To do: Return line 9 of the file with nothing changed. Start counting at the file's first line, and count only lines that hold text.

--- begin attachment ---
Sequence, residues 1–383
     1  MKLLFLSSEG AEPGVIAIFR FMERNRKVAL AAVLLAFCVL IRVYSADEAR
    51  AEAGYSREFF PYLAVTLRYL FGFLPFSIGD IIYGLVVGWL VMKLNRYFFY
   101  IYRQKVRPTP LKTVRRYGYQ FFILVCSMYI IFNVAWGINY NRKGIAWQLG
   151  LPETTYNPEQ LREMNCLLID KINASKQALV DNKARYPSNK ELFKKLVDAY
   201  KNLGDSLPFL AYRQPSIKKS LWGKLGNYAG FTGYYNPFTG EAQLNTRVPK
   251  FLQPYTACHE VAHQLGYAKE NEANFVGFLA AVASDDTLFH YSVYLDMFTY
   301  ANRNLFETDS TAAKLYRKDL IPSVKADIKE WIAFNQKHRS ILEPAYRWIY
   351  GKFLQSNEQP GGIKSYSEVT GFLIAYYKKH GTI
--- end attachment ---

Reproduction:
   351  GKFLQSNEQP GGIKSYSEVT GFLIAYYKKH GTI